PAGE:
A shot of the strombolian activity at the vent of Eyjafjallajökull, taken on May 4, 2010. Image courtesy of the Iceland Met Office.
The latest news from the Eyjafjallajökull eruption has the volcano erupting more explosively again (see above), possibly due to an increased influx of water into the vent area – in any case, the ash has become denser (by volume in the air) and the plume is higher (see below) than in the last couple of weeks. The rate of lava flow extrusion has also gone down in the last few days. The latest update from the Iceland Met Office has a lot of details on the current activity thanks to some flights over the volcano:
Plume was observed at 5.8-6 km height (19-20,000 ft) estimated from the Icelandic Coast Guard (ICG) flight at 10:40 and 15:30 GMT. It is heading east-south-east to south-east from the eruption site. Plume track clearly visible up to 300-400 km distance from the eruption site on a NOAA satellite image at 13:13 GMT.
Water levels have been rather constant. Water temperature at Markarfljot bridge was low this morning (below 2°C) but seems to be rising (about 5°C at noon). Water level seems to be slightly decreasing.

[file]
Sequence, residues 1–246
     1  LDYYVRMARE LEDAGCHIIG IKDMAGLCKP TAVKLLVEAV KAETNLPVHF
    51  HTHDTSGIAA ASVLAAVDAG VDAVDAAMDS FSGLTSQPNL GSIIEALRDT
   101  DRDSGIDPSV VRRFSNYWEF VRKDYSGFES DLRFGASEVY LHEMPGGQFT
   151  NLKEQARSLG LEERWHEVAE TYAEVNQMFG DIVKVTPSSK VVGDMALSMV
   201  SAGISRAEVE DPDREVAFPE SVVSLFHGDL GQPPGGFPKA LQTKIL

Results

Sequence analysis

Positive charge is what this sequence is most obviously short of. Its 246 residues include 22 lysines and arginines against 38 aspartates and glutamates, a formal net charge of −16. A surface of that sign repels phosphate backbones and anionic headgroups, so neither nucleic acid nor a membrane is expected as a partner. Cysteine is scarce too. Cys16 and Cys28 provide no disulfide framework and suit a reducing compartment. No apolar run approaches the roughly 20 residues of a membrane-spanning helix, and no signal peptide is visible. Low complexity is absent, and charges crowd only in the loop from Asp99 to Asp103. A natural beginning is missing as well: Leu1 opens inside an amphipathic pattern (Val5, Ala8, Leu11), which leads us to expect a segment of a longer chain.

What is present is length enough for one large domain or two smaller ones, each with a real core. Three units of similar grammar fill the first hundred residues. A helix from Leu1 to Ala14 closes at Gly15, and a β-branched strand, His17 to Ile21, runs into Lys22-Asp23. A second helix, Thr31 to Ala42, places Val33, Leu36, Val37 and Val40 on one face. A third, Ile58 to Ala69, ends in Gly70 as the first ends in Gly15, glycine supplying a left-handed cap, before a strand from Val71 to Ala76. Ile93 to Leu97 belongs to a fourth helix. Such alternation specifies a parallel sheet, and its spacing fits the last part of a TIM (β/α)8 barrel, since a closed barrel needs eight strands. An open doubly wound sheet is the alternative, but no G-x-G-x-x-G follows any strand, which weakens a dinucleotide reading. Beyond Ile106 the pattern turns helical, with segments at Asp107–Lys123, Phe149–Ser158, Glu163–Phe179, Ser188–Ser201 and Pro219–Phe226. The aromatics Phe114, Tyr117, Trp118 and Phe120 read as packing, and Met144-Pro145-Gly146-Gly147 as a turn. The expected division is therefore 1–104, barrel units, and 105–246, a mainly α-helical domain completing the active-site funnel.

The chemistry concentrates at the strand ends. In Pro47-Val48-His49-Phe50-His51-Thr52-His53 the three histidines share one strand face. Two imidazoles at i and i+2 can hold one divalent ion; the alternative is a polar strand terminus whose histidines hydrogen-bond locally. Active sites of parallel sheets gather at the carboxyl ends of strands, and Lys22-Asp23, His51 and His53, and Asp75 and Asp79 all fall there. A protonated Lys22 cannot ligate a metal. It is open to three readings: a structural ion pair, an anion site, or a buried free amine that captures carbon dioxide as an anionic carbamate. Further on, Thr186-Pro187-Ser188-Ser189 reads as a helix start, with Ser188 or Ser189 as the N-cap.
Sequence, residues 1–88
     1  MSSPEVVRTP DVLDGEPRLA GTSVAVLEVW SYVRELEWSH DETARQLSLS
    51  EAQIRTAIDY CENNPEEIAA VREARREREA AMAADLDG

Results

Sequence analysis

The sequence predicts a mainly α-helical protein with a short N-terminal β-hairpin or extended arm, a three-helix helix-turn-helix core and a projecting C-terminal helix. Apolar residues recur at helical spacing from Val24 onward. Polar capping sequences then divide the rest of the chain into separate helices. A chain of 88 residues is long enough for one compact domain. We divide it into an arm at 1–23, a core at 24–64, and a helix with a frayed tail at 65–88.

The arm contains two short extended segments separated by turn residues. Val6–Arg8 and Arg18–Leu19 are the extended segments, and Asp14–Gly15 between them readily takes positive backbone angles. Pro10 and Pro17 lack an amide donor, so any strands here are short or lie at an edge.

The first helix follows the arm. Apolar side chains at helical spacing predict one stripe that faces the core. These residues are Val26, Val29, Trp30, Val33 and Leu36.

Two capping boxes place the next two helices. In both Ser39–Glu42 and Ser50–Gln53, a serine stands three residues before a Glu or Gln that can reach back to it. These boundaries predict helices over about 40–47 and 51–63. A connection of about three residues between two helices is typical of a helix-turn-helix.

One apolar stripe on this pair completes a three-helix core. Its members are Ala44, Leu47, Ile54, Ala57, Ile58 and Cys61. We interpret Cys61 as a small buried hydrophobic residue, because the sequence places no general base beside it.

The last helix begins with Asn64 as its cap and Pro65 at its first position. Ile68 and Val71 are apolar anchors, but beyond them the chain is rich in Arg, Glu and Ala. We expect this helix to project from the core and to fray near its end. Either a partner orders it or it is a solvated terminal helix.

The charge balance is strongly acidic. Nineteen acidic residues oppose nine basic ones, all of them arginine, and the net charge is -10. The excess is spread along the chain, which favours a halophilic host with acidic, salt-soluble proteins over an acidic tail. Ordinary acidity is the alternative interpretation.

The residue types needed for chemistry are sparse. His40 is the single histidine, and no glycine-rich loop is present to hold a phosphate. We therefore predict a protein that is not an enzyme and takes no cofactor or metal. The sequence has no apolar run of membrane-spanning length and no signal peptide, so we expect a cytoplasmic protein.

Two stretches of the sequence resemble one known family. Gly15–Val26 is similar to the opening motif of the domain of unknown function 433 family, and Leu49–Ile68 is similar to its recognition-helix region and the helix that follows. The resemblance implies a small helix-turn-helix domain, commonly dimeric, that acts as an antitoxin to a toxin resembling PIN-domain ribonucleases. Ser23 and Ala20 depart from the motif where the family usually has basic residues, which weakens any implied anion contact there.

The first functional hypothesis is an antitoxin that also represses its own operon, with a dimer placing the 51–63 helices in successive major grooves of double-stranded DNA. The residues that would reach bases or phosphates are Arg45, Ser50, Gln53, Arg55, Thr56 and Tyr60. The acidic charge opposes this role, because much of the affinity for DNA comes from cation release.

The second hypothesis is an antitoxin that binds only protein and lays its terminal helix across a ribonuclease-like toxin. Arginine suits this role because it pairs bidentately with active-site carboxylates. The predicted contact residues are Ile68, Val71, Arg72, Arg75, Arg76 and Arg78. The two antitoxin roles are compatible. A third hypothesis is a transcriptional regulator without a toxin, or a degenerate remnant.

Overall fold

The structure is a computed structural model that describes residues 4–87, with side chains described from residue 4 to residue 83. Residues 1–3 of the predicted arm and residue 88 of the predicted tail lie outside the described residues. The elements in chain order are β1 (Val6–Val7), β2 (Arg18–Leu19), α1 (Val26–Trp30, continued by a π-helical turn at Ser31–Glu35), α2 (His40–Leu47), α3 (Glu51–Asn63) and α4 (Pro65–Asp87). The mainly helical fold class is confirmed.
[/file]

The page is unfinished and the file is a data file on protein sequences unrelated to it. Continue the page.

Lava is still flowing northwards, forming a lava fall down the steep hill under Gígjökull, about 4 km north of the crater. Blue gas is seen rising from the lava and white steam plumes are seen somewhat lower and mark the front of the lava stream. The size of the eruptive crater is 280 x 190 m. Lava splashes are thrown at least a few hundred meters into the air.
The overflights of the volcano produced two great image galleries of the current eruption, both worth checking out. You can see some video on the current eruption in this BBC article, while IceNews has an interview with Dr. Ari Trausti Gudmundsson on the volcano and this eruption. As always, you can get caught up on the day’s activity at Eyjafjallajökull by checking out Philipp’s excellent time lapse video from the vodafon webcam. The upshot of this new activity is that more airspace over Ireland and the northern UK (Scotland) have been closed due to the threat of ash in the atmosphere. Right now, it is unclear when the airports might reopen, but the current ash advisory suggests it might not be today for Ireland at least (none of which is good news for the EU airlines primarily affected by this eruption.)
The eruption plume from Eyjafjallajökull, taken from an Icelandic Coast Guard aircraft on May 4, 2010. Image courtesy of the Icelandic Met Office.